A typical calculation consists of thirds: 1/3 for the driver, 1/3 for the owner and 1/3 for the car (cost of the repairs!)
Do the cab drivers speak Spanish?
I’m not sure about that. The typical taxi driver is also rather lazy and once he says something, then the noise of the car drowns out his voice. As it sounds, he could also speak Indian, Armenian or Dwarfish, it makes no difference to me, I don’t understand anything!
Just a short note: since a few years tourists are also allowed to drive in a collective taxi, so don’t worry, just get in, language or not 😉
A special form of the oldtimer taxi is the tourist cabrio: nicely reworked it drives through the area as a convertible, even if it was not original – the roof can be flexed away 😉 With a tourist convertible the owner earns a lot of money, as proof that the fixed tax rate has meanwhile risen to 900 CUC per month – and nevertheless there are more and more convertibles for the tourists, showing that the owner can bear the tax well and earn a shitload of money. By the way, the distances the tourist convertibles go also became shorter, there are now more photo locations en route – so the 2-hour tour includes many stops, because the stopped car doesn’t consume any petrol 😉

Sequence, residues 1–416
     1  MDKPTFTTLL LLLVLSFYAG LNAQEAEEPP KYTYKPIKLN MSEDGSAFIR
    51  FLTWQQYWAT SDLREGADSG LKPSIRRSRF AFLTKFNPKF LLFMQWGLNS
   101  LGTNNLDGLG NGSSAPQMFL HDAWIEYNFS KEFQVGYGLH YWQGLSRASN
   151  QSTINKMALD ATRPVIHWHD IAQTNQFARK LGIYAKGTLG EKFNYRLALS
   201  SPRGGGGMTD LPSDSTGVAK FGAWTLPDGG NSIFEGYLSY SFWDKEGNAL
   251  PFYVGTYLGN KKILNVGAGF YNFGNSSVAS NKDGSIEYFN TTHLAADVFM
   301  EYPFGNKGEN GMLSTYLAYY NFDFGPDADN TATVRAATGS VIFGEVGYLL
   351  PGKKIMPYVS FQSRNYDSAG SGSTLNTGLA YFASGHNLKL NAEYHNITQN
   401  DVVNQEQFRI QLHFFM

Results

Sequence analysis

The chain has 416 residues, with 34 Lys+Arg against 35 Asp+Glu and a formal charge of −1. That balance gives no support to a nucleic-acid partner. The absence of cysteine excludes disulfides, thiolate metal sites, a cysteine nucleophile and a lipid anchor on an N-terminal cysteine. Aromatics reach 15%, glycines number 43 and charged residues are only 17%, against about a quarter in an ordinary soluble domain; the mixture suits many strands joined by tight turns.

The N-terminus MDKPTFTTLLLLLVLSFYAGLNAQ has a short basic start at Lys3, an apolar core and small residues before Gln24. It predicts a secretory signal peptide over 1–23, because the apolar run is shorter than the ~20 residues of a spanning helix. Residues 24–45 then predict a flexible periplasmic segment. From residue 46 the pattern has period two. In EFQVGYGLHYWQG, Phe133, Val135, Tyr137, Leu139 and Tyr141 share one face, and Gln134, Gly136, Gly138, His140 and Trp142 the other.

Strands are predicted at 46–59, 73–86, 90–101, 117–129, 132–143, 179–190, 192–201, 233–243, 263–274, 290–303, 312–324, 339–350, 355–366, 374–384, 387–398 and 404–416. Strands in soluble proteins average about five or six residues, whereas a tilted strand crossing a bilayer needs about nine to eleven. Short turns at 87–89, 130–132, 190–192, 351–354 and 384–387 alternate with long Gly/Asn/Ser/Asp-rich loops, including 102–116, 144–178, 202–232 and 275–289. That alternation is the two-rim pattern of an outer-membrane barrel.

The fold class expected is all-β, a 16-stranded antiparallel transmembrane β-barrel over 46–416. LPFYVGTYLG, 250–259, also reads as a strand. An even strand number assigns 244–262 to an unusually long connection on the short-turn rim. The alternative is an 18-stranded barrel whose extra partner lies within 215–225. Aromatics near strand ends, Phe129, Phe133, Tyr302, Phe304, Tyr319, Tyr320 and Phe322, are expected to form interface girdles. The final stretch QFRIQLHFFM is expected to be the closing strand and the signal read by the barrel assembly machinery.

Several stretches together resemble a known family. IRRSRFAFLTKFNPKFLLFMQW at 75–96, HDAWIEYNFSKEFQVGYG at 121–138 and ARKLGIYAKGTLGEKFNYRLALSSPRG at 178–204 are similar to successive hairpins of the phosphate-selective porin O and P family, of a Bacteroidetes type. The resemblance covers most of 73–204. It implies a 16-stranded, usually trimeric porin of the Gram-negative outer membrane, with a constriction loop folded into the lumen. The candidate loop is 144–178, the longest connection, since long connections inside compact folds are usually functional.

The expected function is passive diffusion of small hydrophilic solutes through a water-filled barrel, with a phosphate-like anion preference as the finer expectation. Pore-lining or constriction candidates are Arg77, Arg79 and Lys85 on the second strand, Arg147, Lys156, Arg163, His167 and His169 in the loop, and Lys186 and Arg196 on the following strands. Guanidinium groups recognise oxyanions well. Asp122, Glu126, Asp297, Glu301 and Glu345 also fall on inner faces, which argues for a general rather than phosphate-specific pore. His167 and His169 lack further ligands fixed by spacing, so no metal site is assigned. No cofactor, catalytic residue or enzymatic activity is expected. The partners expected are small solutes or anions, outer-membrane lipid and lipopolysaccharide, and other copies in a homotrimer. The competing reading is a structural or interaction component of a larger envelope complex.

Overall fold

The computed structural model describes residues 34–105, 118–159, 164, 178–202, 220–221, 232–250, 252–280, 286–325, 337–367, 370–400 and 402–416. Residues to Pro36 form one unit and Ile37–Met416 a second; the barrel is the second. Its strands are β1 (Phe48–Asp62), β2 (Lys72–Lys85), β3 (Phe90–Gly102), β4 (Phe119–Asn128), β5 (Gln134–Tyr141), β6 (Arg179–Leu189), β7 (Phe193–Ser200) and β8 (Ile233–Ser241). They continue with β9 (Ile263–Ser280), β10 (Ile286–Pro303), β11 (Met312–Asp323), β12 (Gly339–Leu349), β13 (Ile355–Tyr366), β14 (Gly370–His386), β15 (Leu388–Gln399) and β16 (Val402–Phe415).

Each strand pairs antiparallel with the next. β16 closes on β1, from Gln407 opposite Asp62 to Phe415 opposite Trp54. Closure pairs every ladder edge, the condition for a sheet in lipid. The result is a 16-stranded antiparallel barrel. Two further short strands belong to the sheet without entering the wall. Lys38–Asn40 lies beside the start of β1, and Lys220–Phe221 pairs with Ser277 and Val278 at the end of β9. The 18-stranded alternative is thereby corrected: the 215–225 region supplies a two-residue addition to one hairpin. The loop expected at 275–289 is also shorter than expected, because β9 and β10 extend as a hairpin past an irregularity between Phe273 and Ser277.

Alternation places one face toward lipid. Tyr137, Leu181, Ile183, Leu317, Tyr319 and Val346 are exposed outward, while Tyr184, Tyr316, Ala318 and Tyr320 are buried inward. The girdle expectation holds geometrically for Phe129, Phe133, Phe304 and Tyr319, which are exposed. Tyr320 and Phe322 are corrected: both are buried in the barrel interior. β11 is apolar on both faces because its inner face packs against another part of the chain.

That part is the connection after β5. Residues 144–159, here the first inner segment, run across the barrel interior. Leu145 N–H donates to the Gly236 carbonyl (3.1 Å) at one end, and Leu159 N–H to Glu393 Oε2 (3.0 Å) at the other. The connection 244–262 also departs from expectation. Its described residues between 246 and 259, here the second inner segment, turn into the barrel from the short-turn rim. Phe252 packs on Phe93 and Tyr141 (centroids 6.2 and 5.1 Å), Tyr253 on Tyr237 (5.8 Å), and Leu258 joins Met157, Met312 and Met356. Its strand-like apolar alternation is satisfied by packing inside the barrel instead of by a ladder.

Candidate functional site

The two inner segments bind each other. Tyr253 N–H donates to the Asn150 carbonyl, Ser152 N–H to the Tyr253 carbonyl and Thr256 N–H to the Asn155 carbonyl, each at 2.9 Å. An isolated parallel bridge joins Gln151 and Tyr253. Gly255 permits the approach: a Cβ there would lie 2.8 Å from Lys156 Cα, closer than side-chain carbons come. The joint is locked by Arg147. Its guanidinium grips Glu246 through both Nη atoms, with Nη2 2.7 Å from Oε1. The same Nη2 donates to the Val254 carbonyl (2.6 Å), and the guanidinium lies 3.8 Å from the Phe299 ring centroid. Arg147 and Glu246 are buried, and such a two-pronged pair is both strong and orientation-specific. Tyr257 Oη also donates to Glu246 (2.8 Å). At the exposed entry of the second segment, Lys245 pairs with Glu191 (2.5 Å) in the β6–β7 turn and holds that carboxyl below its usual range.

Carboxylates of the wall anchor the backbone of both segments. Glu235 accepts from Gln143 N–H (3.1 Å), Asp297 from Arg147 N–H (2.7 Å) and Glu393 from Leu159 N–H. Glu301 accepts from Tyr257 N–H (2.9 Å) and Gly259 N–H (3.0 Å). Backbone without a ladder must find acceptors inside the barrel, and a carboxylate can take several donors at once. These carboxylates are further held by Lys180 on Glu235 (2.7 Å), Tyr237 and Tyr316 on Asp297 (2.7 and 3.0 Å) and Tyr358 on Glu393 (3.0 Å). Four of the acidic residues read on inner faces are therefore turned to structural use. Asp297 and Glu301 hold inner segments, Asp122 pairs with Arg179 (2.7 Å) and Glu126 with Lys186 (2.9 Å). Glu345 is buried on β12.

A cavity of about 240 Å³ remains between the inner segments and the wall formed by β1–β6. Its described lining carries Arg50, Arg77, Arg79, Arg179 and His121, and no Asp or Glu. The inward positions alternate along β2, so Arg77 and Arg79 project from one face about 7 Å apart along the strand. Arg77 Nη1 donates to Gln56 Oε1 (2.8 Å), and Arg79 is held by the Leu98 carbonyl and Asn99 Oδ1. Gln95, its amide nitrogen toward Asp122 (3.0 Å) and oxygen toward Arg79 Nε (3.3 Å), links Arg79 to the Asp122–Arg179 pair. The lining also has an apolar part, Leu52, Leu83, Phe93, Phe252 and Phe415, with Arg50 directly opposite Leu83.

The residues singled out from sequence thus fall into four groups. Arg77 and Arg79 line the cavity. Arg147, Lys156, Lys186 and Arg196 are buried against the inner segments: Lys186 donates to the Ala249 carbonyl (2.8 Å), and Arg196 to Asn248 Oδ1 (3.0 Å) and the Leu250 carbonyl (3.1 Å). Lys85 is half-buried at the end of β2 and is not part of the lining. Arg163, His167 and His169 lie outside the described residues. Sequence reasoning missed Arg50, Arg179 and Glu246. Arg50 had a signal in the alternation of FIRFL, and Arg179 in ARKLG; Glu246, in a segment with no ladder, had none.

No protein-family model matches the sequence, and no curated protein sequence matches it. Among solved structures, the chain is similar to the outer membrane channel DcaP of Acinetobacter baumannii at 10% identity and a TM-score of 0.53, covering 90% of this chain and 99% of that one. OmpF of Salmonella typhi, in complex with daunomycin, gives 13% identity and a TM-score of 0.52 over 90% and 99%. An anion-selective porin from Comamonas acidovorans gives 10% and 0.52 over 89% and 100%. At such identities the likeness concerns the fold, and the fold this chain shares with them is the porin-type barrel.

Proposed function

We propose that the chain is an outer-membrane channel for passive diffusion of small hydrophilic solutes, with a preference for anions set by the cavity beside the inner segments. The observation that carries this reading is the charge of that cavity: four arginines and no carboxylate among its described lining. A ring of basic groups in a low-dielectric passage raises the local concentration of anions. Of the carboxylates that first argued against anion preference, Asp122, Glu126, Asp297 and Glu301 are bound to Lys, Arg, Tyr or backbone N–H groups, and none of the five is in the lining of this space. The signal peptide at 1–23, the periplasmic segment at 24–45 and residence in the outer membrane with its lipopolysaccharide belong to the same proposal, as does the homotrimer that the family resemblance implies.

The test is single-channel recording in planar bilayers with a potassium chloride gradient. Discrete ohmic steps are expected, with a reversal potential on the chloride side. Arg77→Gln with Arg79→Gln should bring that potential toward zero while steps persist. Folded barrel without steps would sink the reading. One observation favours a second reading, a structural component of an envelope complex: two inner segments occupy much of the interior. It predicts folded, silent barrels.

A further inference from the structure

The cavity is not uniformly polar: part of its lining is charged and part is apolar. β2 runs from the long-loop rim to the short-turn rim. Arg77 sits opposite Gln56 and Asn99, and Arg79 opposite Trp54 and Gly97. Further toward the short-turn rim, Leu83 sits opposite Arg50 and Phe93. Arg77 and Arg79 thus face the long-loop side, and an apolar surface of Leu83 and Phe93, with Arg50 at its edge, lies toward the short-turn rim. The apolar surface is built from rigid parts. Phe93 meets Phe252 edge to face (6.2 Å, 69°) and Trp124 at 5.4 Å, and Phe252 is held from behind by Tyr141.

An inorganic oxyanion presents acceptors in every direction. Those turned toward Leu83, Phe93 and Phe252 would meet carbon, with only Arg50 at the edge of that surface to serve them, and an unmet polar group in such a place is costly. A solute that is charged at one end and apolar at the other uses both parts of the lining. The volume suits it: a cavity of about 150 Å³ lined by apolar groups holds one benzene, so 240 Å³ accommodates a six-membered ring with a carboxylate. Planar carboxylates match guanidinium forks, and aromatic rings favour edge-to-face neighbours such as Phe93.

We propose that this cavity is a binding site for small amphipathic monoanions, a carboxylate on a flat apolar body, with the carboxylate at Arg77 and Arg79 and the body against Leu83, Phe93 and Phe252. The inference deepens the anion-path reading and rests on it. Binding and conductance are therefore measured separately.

Of course there are not only old cars in Cuba, but also old motorcycles. And the most famous are probably the 200 old Harleys, who still drive on the island – and the Cuban Harlistas show their machines on every 3rd Sunday in June on their solemn procession through Havana. So if you are in Cuba on 3rd of June, don’t miss it!
Cuban Chrome on DMAX
If you are curious how to handle these cars – or if you are a car fan, then I recommend the DMAX documentary Cuban Chrome, because there the car heroes have their say and give you a glimpse in the everyday life of motorists in Cuba.
//Unfortunately, the Cuban Chrome was deleted from YouTube, but try searching for “Cuban Chrome Stream” in Google, that should lead to some good results!
>>Update: Painful cuts starting in December
New regulations make it more difficult to take taxis